Suspending Federal Fuel Tax Pitched By Senate, White House


us-capitol, public domain

President Joe Biden and Democratic lawmakers have suggested ending the federal gas tax until 2023 as a way to offset fuel prices that are nearing record levels and possibly appease some on-the-fence voters ahead of midterm elections. Senators Mark Kelly (D-AZ) and Maggie Hassan (D-NH) recently pitched the bill in Congress. While the White House has not made any official endorsements, it’s offered tacit support by saying it didn’t want to limit itself in terms of finding new ways of easing the financial burdens Americans are facing during a period of high inflation.

“Every tool is on the table to reduce prices,” White House assistant press secretary Emilie Simons said in regard to a possible gas tax holiday. “The president already announced an historic release of 50 million barrels from the Strategic Petroleum Reserve, and all options are on the table looking ahead.”

According to the American Automobile Association (AAA), the average price for a gallon of gasoline in the United States is presently $3.48. The Labor Department estimated $3.50 per gallon, citing an annual increase of 40 percent. No matter how you slice it, fuel is roughly a dollar more than it was just a year earlier and spiking at a time when other goods and services have grown similarly expensive. The proposed legislation would temporarily eliminate the 18.4 cents per gallon (24.4 cents for diesel) added to gasoline prices until January 1, 2023.

The bill is co-sponsored by Debbie Stabenow (D-MI), Catherine Cortez Masto (D-NV), Raphael Warnock (D-GA) and Jackie Rosen (D-NV).

“Arizonans are paying some of the highest prices for gas we have seen in years and it’s putting a strain on families who need to fill up the tank to get to work and school,”  said Senator Kelly. ”This bill will lower gas prices by suspending the federal gas tax through the end of the year to help Arizona families struggling with high costs for everything from gas to groceries.”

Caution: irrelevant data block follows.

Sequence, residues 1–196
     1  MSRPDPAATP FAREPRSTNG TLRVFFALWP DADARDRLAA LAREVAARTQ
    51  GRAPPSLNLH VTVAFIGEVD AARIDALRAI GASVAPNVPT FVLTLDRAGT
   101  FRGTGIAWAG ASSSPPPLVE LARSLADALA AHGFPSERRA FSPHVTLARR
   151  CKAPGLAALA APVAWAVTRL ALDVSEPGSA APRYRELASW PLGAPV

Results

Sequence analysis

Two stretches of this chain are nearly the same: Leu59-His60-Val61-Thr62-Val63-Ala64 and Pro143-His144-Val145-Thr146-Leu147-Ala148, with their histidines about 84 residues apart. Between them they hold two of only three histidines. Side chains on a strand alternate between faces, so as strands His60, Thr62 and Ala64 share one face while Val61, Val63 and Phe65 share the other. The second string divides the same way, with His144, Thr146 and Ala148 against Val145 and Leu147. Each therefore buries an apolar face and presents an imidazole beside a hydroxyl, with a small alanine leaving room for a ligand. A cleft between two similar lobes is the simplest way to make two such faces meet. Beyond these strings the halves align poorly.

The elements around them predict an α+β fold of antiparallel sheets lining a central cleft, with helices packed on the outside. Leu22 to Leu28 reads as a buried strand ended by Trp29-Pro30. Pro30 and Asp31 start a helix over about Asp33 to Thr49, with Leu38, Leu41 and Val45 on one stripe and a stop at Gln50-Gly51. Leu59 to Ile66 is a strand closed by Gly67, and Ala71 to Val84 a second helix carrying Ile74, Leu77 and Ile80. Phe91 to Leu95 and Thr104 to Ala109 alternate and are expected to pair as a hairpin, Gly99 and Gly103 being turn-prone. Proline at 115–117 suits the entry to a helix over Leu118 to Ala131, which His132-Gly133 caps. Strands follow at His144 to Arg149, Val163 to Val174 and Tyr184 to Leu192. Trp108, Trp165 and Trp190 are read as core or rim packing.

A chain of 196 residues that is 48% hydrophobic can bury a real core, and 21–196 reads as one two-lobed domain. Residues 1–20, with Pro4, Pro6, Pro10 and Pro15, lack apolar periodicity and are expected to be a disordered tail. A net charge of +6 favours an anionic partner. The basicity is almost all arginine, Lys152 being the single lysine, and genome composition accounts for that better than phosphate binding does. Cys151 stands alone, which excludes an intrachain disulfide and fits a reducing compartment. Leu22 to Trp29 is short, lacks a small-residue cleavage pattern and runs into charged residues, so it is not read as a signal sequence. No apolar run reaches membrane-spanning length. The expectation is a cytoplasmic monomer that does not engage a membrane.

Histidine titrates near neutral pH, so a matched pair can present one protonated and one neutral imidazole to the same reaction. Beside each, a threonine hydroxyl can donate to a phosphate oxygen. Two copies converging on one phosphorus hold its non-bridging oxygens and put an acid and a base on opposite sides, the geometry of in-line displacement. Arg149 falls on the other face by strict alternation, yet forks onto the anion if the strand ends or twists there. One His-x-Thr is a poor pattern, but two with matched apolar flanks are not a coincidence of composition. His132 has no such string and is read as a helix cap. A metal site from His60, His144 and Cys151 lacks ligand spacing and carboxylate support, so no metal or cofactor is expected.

The opposition has framed the proposal as a way for Democratic legislators to win brownie points ahead of the midterms, with the theory getting a surprising level of support from mainstream media outlets. But the real concern is what’s going to happen to the Highway Trust Fund, as the bill effectively nullifies a year’s worth of cash that’s supposed to be reserved for transportation infrastructure. While state-based taxes would remain in effect, the Committee for a Responsible Federal Budget estimated that at least $20 billion in tax revenue would ultimately be lost if the bill were to pass.

Ed. note: At least one prominent Republican, Florida governor Ron DeSantis, appears in favor of a gas-tax holiday, but other conservatives echo the same critiques that some liberals, and liberal pundits, have made. Politics, strange bedfellows, etc.

The Highway Trust Fund already has its share of problems. The federal fuel tax hasn’t been changed since 1993 and the Biden administration is pressuring the automotive sector to sell more battery electric vehicles that won’t be subject to it. This bill risks reducing the trust’s already dwindling annual budget by almost 50 percent, creating a deficit that will need to be accounted for at the end of the year and further worsen inflation.

Additional concerns have been voiced by environmentalists who believe lowering fuel prices will discourage EV adoption. Criticisms have also been made about how this will impact energy concerns that are effectively getting the federal government to incentivize fuel.

Jason Furman, an economist at Harvard and the chairman of Barack Obama’s Council of Economic Advisers (2013-2017), told Forbes the proposed gas tax holiday would “raise profits for oil companies.” He estimated consumers would technically pay 12 cents less at the pump while the oil industry pocketed the other 6 cents. However, the current draft is supposed to require the Treasury Department to take the necessary steps to ensure oil and gas companies pass their savings back to consumers and redirect federal money back into the Highway Trust, even if it’s not all that clear on how it should be done.

Larry Summers, a former treasury secretary, told The Washington Post that he saw the policy as short-sighted and “goofy.”

“It’s terrible policy at a moment we’ve labeled climate change as an existential threat,” he told the outlet.

People definitely want to pay less at the pump. But it’s hard not to see this fix coming back to bite us later. Spending money America didn’t have is how we got into this financial mess in the first place and there’s going to be a problem when 2023 rolls around and fuel prices surge upwards overnight.

[Image: Architect of the Capitol/]

Become a TTAC insider. Get the latest news, features, TTAC takes, and everything else that gets to the truth about cars first by subscribing to our newsletter.

Source link